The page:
It still amazes me just how much it takes to throw a good party. You have to quite completely throw yourself at it to make it seem as if you did nothing at all — caring deeply to be nonchalant, working all hours to appear effortless, choosing recipes carefully to discreetly impress. In A Room of One’s Own, Virginia Woolf reported wryly on a boring English luncheon, saying “The lamp in the spine does not light on beef and prunes,” as if slipping into the voice of my favorite hostess Mrs. Dalloway whispering into the ear of a well-dressed guest nibbling appreciatively at one of her parties. I see the ladies conspiring in unison before a beautiful party spread, “No, no. Indeed, it does not. Now please serve me more of that beautiful trifle, my dear.”
The lamp in the spine lights on French cheese wrapped in paper and globe-shaped green olives you can pop on each of your fingers and eat one by one, on strange combinations like the sweet snap of peas blended with almonds, and on long-loved ones like squash, nutmeg, and heavy cream. It lights on minor collisions of tastes that contrast with one another, like the piqued tartness of citrus against the reassuring simplicity of bread. It lights on champagne citrus punch with white wine, and always on a simple bottle of beer.
More or less, that was my philosophy behind the food I made for my May Day party last weekend: Cilantro-pea spread with almond butter (from Chocolate and Zucchini). “Les cakes,” French savory cakes with black and green olives, parmesan, roblochon, and pancetta (from Epicurious). Squash bread pudding (from Food & Wine). Cucumbers with four types of roasted peppers, three types of citrus, feta, and cumin (from me). Globe grapes with chevre, crushed roasted pistachio, and mint (from me). Champagne citrus punch with Chardonnay and pomegranate (also from me). And lots of beer.
As I throw more parties, I’m essentially learning how to make the food disappear, even before it is eaten. It should recede quietly into the background among the flowers, plates, linens, and candles, offering a sense of something I can only think to call grace. There must have been about 50 people at the party. Tracing the connections we share would look like the New York City subway map, with many intersecting strands of friends and family, including many people I never met before. In introducing myself to one of these strangers, he said, “I never met you, but I heard the food here would be good, so I had to come.” I’m pretty sure that’s what I meant by grace.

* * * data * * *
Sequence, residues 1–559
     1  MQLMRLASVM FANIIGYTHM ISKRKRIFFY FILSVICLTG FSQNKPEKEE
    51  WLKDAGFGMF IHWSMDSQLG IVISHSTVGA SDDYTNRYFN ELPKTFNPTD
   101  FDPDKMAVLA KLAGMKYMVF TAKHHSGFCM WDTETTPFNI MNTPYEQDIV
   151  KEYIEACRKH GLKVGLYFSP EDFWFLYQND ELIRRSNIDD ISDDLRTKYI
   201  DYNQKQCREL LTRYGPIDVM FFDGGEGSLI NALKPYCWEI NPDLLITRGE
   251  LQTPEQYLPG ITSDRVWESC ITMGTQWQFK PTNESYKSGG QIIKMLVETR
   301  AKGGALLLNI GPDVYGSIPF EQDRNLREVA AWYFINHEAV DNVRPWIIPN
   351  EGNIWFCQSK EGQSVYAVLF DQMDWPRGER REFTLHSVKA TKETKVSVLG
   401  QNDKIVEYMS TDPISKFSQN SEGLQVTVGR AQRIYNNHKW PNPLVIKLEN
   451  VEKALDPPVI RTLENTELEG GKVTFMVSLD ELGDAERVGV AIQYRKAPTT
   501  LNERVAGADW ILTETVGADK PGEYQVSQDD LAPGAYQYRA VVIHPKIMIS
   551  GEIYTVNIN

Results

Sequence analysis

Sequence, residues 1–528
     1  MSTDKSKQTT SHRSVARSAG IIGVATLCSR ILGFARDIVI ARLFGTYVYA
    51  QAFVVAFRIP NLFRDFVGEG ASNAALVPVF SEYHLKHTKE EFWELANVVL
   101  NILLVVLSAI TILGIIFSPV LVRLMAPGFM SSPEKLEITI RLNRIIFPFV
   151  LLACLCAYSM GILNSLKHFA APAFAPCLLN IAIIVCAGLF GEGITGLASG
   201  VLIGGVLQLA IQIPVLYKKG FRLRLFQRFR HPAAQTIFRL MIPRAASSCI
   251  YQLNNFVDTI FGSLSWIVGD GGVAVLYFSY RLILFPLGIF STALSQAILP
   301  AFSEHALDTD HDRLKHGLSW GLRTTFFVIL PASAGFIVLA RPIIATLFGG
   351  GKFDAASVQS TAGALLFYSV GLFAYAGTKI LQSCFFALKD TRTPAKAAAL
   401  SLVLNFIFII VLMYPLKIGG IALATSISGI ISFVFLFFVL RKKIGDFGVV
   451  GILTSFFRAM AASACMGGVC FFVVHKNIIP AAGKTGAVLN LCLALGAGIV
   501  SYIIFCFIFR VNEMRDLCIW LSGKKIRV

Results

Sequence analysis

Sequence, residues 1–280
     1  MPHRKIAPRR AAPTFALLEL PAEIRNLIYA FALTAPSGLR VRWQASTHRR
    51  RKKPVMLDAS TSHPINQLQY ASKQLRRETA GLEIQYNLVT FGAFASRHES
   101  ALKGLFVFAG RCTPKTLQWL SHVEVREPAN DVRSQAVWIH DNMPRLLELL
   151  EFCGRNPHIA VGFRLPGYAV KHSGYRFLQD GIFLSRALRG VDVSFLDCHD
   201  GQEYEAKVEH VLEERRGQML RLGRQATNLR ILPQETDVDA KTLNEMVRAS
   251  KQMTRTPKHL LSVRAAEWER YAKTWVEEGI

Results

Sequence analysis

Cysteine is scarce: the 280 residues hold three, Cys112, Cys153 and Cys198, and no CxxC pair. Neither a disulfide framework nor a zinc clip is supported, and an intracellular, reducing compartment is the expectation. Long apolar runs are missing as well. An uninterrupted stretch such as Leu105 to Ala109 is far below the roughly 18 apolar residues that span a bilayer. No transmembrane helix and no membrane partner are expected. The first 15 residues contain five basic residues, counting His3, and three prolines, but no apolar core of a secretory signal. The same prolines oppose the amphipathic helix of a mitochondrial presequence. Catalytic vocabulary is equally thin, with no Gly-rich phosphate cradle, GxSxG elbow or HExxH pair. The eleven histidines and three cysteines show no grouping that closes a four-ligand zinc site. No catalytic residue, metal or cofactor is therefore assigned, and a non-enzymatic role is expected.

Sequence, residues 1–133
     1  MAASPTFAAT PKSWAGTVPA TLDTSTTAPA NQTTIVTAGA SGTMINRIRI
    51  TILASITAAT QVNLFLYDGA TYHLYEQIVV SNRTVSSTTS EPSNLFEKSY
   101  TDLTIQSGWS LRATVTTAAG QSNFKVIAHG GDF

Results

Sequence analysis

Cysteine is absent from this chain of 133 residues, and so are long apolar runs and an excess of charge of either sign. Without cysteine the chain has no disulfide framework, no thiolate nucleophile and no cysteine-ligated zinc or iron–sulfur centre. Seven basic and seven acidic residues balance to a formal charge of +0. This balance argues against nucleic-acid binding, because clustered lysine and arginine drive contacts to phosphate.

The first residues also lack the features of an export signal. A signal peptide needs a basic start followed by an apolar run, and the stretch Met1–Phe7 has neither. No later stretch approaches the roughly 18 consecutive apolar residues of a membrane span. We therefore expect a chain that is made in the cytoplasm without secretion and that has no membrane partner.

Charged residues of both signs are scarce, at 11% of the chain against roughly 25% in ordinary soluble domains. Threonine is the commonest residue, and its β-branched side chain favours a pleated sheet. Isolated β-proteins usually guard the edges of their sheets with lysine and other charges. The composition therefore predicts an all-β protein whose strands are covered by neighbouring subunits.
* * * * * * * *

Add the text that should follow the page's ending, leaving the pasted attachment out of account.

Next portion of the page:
In the end, the best part of a party is the noise of the door closing after the last person leaves. It’s so quiet you can actually hear it click, and you hope you are lucky enough to have that one favorite person there with you on the couch to take apart the evening, to avoid the mess with you, and to fall asleep with you. I wonder what Mrs. Dalloway did on those quiet evenings when all the guests had gone. She had married her husband Richard to be practical. Did she wish it was her lost love Peter with her when she closed the door, the man who saw the whole world in her eyes, who was filled with excitement every time he saw her, always saying, so affirmatively, “For there she was. There she was.”
Lovely. You captured both the eloquence of food and the subtlety of connection. I despise missing your parties…
Carrie, did you take a picture of your table? I’d love to see it as well as imagine how wonderful it all tasted!
P.S. I’m forwarding this to my grandmother, who has always been my favorite hostess!
Wow. This is beautiful.
So lovely. Sorry I missed it.
Thank you friends. Jill, the sun was going down and none of the pictures suffice–and I never slow down to document a party enough to begin with. And I’d love to hear more about your grandma as hostess sometime.